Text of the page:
By Elizabeth Ripley
We all know the verse April showers bring May flowers, so while avoiding the rain this month, curl up with a novel in verse. In addition to bringing next month’s flowers, April is National Poetry Month. While many think of Emily Dickinson or Pablo Neruda or Shel Silverstein when thinking of poetry, the genre has so much more to offer (no offence Emily, Pablo and Shel)!
Since each word in a poem is specifically chosen, novels in verse deliver a sparse, poignant, sometimes biting, portrayal of life; whether it’s the day-to-day, a landmark court case, or a fairy tale retelling. The following are some of my favorite young adult novels in verse. While they may be about young adults, the stories are universal.
Join us on Friday, April 28 for a workshop hosted by National Student Poet winner Stella Binion at the Johnsville Library. For more information and information on other poetry related events, contact your local Anoka County Library.
“Loving vs Virginia: A Documentary Novel of the Landmark Civil Rights Case” by Patricia Hruby Powell, artwork by Shadra Strickland – In beautiful verse, interspersed with artwork by Shadra Strickland and period photographs and documents, Patricia Hruby Powell tells the story of Richard and Mildred Loving and the fight for their marriage. Powell takes readers to Virginia in the 1950s when two teenagers, one white and one black, fell in love. Facing discrimination and the law, but sure in their love, the two married. With the help of a lawyer, the couple take their case all the way to the Supreme Court in the civil rights case, Loving vs Virginia, where the court ruled in their favor, ending all race-based legal restrictions on marriage in the United States. (Chronicle Books, 2017).
“Poisoned Apples: Poems for You My Pretty” by Christine Hepperman – In Poisoned Apples, Hepperman masterfully retells familiar fairy tales in short, feminist, poems that highlight issues and realities common to most American teenagers. Some poems are bitingly funny, like “A SHAPE MAGAZINE Fairy Tale” others, like “The Wicked Queen’s Legacy” delve into similar subject matter, without the sarcasm to counter the darkness. The collection of 50 poem is interspersed with stark black and white photographs, inviting readers to not only read the poems, but the photographs as well. (Greenwillow Books, 2014).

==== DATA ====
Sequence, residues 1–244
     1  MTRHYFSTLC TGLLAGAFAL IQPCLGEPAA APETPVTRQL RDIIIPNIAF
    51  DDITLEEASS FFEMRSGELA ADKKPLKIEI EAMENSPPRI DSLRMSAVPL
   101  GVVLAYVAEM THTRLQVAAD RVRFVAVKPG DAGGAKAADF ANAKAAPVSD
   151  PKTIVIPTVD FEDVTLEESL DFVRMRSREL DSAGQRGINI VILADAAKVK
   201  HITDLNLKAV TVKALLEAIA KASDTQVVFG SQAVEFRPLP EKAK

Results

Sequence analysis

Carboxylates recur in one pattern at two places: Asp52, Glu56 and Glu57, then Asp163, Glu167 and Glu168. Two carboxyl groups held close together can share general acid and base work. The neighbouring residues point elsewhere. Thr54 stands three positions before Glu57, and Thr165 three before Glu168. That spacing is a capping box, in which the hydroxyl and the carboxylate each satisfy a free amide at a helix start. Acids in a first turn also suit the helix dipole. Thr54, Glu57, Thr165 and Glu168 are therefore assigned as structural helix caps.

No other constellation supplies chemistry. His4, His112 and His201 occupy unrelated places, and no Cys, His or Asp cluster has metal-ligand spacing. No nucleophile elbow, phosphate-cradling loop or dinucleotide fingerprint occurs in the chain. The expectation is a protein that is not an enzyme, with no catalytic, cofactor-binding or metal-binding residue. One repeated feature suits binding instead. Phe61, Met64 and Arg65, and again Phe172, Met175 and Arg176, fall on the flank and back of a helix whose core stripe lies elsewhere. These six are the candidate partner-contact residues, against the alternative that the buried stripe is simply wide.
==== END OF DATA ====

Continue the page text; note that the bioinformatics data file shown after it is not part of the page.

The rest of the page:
“Brown Girl Dreaming” by Jacqueline Woodson – This book tells the story of Woodson’s life in the 1960s. She was born in Ohio, spent half of her life in the south and then moved to New York City with her family. The movement provided Woodson with a unique viewpoint of the Civil Rights Movement and the culture of the United States during tumultuous Civil Rights Movement and beyond. Woodson won the National Book Award for Young People’s Literature, the Coretta Scott King Award and a Newbery Honor for Brown Girl Dreaming. (Nancy Paulsen Books, 2014).
“The House on Mango Street” by Sandra Cisneros – A modern classic, Cisneros The House on Mango Street is as relevant today, as it was in the 1980s. Told from the perspective of young Esperanza, the novella is told in a series of verse vignettes, tackling the issues of family, growing up, and what it means to be a woman, and a Latina in the North side of Chicago. Although slim, The House on Mango Street stays with the reader and only gets better after each re-reading. (Vintage Books, 1991).
“House Arrest” by K.A. Holt – Twelve-year-old Timothy is not a bad kid. Yes, he stole a wallet, but it was only to get money to pay for his sick brother Levi’s medicine and it was just his luck someone saw. “That one quick second turned into/ juvie/ a judge/ a year of house arrest,/ a year of this court-ordered journal,/ a year to avoid messing up/ and being sent back to juvie/ so fast my head will spin.” The prose and deep familial bond make this novel stand out from other “problem novels.” (Chronicle Books, 2015).
Elizabeth Ripley is a librarian with Anoka County Library’s Johnsville branch.